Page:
David Topliss was the winner of the Nelson Vintage Car Club award for Restoration of the Year. Presented at the club's open day on Sunday afternoon. Photo: Jessie Johnston.

Members recognised at car club open day


As well as officially opening their new club rooms, Nelson Vintage Car Club used Sunday afternoon gathering to celebrate some of their members ‘impressive achievements.

First on the agenda was the presentation for Restoration of the Year, which was won by David Topliss, of Topliss Bros. Precision Engineering.

David has been a member of the club for the last 30 odd years and is certainly no stranger to vintage car or motorcycle restorations, this year winning the award for his work on a 1926 Alvis.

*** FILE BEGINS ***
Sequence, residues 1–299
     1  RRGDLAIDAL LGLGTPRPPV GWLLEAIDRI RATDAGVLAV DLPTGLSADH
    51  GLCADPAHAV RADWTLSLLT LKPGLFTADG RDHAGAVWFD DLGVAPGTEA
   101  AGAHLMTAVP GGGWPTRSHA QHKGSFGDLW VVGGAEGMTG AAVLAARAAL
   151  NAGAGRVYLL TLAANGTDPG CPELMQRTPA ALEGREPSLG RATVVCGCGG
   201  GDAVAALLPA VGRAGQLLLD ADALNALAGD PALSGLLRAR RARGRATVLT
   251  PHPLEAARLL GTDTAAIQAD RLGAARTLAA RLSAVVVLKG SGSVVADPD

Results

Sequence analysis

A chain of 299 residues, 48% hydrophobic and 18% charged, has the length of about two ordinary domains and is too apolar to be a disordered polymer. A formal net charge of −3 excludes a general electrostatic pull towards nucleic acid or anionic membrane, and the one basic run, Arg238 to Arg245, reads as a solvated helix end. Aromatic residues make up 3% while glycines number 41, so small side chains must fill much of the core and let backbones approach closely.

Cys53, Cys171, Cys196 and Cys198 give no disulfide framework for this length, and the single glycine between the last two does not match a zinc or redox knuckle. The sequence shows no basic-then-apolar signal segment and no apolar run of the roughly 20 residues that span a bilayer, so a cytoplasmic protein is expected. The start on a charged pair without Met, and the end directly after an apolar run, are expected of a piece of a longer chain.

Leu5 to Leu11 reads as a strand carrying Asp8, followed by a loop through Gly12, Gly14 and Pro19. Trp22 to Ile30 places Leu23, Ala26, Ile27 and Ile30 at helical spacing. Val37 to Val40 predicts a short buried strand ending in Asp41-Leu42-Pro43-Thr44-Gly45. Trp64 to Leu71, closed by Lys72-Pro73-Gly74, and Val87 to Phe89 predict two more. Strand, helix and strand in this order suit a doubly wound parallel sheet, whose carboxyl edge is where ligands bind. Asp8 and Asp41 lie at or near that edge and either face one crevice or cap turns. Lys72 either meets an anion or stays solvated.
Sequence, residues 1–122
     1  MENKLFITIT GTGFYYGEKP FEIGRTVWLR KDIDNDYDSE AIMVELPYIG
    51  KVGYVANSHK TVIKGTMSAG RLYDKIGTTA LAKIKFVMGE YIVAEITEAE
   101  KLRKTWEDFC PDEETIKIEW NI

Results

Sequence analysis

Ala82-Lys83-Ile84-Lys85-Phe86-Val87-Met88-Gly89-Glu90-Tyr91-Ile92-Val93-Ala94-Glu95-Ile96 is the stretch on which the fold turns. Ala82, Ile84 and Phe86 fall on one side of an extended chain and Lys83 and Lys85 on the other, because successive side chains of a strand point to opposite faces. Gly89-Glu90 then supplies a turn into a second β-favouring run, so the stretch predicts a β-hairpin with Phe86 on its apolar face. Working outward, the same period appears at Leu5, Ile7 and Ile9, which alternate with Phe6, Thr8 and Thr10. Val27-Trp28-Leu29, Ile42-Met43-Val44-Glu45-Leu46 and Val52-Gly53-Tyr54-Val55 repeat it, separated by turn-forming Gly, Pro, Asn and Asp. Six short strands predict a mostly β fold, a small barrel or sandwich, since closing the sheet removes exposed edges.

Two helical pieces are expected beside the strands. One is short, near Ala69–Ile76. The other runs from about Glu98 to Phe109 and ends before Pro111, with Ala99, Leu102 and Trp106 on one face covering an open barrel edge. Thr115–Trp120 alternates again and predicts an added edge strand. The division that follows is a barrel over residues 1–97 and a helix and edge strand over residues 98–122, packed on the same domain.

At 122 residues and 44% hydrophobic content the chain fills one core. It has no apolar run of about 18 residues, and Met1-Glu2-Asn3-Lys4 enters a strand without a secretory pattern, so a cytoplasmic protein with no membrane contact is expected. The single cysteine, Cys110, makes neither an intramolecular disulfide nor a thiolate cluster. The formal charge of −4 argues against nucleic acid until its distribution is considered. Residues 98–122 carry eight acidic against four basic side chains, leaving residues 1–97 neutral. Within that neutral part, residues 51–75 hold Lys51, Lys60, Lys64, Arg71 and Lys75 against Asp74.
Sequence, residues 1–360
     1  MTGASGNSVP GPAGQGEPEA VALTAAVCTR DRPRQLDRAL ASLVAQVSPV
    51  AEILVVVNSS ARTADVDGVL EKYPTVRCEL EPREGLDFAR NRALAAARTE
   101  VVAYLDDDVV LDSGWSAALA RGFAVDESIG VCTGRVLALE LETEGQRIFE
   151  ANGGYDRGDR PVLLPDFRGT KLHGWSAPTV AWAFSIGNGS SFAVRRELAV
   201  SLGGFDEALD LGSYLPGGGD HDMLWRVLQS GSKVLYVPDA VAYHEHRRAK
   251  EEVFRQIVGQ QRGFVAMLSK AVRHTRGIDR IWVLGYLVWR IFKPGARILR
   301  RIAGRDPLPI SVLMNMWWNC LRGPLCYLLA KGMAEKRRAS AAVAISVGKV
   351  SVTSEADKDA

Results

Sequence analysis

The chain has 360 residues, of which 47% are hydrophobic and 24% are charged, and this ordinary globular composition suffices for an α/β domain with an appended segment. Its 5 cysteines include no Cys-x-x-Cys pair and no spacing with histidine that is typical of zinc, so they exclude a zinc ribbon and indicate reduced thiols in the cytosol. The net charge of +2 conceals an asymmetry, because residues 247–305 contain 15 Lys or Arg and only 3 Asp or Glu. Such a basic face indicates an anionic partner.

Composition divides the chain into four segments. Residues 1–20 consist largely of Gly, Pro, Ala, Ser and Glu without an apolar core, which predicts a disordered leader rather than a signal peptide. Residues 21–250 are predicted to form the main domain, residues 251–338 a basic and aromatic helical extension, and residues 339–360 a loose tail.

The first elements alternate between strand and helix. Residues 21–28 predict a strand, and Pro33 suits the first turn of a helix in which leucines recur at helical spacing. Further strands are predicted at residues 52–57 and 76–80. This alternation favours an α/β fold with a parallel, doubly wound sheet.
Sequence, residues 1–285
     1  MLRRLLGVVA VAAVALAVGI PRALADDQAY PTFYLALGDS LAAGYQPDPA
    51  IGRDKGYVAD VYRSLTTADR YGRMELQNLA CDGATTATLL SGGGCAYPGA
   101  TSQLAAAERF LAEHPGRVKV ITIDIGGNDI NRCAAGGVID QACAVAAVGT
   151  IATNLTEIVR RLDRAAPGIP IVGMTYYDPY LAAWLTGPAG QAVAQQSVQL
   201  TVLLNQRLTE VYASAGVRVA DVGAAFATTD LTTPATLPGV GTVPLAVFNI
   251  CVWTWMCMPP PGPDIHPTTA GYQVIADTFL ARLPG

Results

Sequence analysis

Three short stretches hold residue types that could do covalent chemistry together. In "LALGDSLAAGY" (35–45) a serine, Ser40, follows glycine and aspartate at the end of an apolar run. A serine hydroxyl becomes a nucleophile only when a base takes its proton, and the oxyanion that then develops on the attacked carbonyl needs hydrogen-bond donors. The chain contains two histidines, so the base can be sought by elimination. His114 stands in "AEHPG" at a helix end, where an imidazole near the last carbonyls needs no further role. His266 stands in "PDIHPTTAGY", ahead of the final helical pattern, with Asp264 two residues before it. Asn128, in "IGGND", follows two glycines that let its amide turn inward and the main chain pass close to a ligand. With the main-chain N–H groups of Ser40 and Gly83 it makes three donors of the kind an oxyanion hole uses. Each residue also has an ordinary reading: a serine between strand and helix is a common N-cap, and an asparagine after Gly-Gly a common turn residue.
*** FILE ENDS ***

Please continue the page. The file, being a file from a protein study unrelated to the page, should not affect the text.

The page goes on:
“I bought this in Auckland as a started restoration, it hadn’t been going since the 1950s. It was basically a frame, but in the end I completely stripped it and started from scratch,” says David. “You decide whether you want to know the whole car, so in that case you’ve really just got to strip it back to the last nut and bolt, take everything apart and just fix it all, replace what needs replacing and put it together as good as new. You hope it will then do a good mileage.”

When David got his hands on the vintage vehicle, the engine was simply a box of bits, “and a lot of it was completely worn out.”

It’s taken David six years to complete the restoration of the Alvis, although it hasn’t been a completely solo effort.

“The body is what everyone sees and it’s the most difficult thing to do, so I got another member to build it for me. Richard Conlon is just an absolute artist, he’s really made it, I can do the mechanical stuff but not that.”

Nelson Vintage Car Club also recognised two members who have been part of the organisation for the last 50 years. Tony Hansen of Richmond and Jack Anglesey of Tadmor have both been long- time vintage car enthusiasts and were presented with their 50-year badge and certificate by the vintage car club national president, Diane Quarrie.